Howard Schultz, We Hardly Knew You And We Couldn't Be Happier About That

Former Starbucks CEO Howard Schultz, the pumpkin spice latte of presidential candidates, officially declared today the end of his officially annoying campaign. This greatly disappoints every voter in his bathroom. Schultz offered Americans an independent voice, one that dared to say, "Don't tax me just because I'm insanely wealthy!" We're not sure how independent those ideas are because Republicans have expressed them for decades. It's like re-releasing Garth Brooks albums from the 1990s on an indie label.

Schultz decided to call it quits because his overpaid advisers probably sold him enough invisible clothing to comfortably retire. There was no harm now in telling him that an independent run would definitely help re-elect Donald Trump. We pointed this out for free in February. It's not a shocking concept. Third party candidates historically screw over Democrats (and no, Ross Perot didn't help Bill Clinton win). But Schultz spent months dismissing this legitimate concern.

SCHULTZ: I think [Democrats] are over reacting. It's a very strong possibility that more lifelong Republicans who will have no place to go if there is a left-leaning liberal progressive Democrat, they will vote for Donald Trump.

Yeah, decent, patriotic Republicans will have no choice but to vote for the corruptwhite supremacist who locks up children in cages if Democrats don't do the right thing and nominate Nikki Haley or the ghost of John McCain. It's downright irresponsible for the Democratic Party to field candidates who are "progressive," "liberal" or -- gasp! -- even "left-leaning." It's like they secretly switched all the sensible Uncle Joes with Folgers Communists.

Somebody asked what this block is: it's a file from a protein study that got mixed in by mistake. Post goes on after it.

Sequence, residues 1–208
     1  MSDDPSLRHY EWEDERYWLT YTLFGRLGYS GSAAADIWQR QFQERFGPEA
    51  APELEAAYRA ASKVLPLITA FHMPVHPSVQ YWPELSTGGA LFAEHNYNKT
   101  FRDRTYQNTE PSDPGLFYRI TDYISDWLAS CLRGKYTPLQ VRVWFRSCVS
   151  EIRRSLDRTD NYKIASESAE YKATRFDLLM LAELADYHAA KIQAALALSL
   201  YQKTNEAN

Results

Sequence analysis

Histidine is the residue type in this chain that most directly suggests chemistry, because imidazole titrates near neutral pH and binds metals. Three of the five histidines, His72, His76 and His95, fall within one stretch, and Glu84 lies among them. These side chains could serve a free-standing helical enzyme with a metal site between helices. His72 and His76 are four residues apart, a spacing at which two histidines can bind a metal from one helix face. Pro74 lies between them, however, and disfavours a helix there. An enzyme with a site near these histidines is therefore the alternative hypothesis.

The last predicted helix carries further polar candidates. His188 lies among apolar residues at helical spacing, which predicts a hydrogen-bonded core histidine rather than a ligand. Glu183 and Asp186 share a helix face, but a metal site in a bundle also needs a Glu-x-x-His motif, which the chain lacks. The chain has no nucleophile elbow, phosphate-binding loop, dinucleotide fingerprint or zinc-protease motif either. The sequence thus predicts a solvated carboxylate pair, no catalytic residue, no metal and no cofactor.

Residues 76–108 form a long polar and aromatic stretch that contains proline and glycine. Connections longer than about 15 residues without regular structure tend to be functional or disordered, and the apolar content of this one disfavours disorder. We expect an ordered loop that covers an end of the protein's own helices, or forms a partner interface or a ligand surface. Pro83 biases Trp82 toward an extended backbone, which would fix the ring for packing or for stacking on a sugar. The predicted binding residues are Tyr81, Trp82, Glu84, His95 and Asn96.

Protester to Howard Schultz: If you run for president, you will help Trump

In his farewell address, Schultz delivered some parting homilies about "problem solving" and "accountability." We pretended to pay attention so he'd let us have the car this weekend. He insisted that "84 percent of Americans do not consider themselves far right or far left." We're not sure where he found this stat but it's as pointless as a Clover machine. Few Americans self-identify as "extreme." They think their opinions are "normal." All these so-called independents are really just "moderate partisans" who reliably vote for one party. In our experience, "independents" are usually white men who like to throw around the terms "common sense solutions" and "collaboration." They believe if people act in good faith, they will see the world as they do. It's why they talk about "getting everyone into a room." Gosh, there's no problem we can't solve if people would just sit down, listen, and realize the entitled white man is right. This was Schultz's entire approach to immigration reform:

WISE WHITE MAN: I'm about accountability. I'm about results. I would bring people into the room. I would say you cannot come in here with ideology or ego... What I want to do is I want to put an empty chair in a room and that chair represents the American people. And we're not going to leave the room until we solve the problem for the American people.